What it's like to be a truck driver when suddenly everyone wants to hire you
Such is the dearth of people behind the wheels in North American trucking, it seems ...
UK hauliers have expressed concern that the current shortage of drivers and vehicles crippling container trucking could spread to other forms of road transport.
While freight forwarders, shippers and leading freight industry groups say a severe manpower shortage facing the container trucking industry is hitting supply chains, road transport operators running curtainsided trucks have told The Loadstar that their less seasonal business could suffer a knock-on effect for a variety of reasons.
“Don’t just focus on the CPC thing,” one freight service provider with a haulage arm told The Loadstar. “The container transport industry is being squeezed to within an inch of its life, which means there has been no investment, and no decisions on investment.
He said the effects of this were notable in a variety of ways, from a reluctance to invest in new engine technology to being unable to meet driver demands for rising wages.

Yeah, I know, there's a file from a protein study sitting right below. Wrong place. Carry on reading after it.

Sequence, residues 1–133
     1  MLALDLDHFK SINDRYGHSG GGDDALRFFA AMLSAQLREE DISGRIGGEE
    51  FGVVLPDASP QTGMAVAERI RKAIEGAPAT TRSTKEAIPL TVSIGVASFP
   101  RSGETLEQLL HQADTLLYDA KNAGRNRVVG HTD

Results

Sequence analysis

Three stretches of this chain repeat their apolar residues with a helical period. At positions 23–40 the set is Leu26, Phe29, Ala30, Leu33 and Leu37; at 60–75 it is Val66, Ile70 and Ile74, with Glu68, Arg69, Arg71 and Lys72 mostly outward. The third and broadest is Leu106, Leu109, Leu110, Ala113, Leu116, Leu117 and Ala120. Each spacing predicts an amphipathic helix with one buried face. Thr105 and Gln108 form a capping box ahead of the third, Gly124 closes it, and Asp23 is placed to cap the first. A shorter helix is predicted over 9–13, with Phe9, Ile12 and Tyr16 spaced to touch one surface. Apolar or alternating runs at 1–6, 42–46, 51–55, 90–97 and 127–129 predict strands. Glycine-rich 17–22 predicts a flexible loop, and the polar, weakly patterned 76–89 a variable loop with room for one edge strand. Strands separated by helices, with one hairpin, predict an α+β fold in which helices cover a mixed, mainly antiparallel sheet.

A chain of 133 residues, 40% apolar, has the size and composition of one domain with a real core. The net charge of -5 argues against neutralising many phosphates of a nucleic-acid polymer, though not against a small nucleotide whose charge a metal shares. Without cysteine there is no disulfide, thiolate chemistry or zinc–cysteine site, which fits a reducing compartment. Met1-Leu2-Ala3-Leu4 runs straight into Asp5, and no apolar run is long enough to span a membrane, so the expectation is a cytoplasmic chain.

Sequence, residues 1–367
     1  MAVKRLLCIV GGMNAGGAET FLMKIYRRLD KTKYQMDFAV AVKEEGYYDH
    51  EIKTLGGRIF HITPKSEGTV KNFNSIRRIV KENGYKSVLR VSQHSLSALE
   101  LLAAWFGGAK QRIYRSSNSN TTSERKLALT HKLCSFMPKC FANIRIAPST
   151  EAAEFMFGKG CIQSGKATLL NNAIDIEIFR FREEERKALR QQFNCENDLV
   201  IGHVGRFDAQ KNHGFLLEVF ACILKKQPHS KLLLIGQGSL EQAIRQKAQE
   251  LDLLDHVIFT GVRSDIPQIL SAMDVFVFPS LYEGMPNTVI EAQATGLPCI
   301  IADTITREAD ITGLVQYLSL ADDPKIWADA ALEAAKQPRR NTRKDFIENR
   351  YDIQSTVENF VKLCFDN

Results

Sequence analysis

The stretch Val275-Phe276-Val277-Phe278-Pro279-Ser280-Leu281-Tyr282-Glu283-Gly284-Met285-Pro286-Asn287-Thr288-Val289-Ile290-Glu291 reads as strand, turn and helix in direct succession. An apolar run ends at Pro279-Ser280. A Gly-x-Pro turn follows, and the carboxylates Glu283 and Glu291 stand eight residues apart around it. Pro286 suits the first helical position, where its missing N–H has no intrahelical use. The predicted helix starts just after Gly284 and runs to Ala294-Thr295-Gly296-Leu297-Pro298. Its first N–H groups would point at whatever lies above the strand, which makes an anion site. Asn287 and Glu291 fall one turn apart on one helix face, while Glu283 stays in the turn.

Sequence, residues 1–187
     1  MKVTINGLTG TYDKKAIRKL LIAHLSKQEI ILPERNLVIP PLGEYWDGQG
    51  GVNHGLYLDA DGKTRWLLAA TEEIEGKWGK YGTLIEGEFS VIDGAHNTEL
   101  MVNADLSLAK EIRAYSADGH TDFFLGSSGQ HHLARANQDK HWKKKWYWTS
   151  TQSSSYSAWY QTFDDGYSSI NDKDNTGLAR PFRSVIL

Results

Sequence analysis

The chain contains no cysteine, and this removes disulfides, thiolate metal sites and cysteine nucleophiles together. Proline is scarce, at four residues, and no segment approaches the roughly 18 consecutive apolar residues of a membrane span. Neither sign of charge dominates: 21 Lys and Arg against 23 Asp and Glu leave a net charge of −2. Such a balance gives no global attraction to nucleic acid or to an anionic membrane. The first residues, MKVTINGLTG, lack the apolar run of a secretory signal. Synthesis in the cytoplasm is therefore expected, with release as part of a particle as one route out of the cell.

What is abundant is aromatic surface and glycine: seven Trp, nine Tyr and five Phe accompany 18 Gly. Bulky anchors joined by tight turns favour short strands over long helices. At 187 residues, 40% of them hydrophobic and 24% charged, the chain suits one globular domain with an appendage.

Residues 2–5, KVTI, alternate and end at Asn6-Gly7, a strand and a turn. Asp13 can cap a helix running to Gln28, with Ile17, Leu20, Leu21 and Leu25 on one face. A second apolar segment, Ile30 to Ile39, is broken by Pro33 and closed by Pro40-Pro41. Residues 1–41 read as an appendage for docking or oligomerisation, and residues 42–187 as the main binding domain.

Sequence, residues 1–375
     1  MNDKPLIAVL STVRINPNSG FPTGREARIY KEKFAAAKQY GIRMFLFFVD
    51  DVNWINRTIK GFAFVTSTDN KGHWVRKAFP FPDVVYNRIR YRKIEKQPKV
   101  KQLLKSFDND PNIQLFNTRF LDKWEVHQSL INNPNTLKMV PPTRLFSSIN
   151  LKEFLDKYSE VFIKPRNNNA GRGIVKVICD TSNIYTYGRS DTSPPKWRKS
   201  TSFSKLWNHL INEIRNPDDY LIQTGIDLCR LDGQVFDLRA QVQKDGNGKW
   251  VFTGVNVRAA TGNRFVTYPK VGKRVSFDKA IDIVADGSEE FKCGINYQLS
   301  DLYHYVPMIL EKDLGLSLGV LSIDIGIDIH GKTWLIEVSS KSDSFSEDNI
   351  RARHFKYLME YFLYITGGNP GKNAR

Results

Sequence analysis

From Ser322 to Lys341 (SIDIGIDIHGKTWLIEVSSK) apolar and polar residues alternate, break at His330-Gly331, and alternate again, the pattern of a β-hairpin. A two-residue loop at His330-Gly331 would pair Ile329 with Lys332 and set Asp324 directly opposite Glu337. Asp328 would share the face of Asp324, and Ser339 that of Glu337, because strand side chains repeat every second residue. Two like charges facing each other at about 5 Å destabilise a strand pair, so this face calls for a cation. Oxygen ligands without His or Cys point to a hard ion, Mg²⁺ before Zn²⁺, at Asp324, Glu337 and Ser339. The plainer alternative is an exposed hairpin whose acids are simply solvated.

“There was a big question mark over the introduction of the Euro6 engines – a lot of people believe they are more inefficient than the Euro5 units.
“There is also the question of finding drivers to hire – a lot of them are going to work for agencies where they are earning a lot more money,” he said.
Another haulier, with a far greater interest in the general road transport business, said that the real crunch point had yet to be reached.
“I’m not convinced that a driver shortage has actually hit the road transport – as opposed to container haulage – business yet, but we are seeing signs that there may be one on the way.
“What we are seeing is that drivers having a bad day or week at work are far quicker to hand in their notice because there are a lot of jobs about, and this indicates to me that at some point there is going to be a shortage.
“UK and European general road transport works on a different cycle to container haulage, with less of a peak season as a lot of our freight is more industrial and spread over the course of the year.”
However, he added, “As we move into the busier season the likelihood of a shortage increases, but we do have a cycle. That said, September, October and November are our busiest three months and September was pretty strong.”
He said his firm, like many road operators, faced a Catch-22 situation with the introduction of the CPC.
“We have been training our own drivers for the last 18 months and the issue is that when you pay for someone to go through that training there is no commitment at the end that they will stay with you. They may simply move to a better paid job, and that is one reason to secure capacity through sub-contracted hauliers.”
However, as the demand for drivers increases, so too does the pressure on finding available sub-contracted haulage.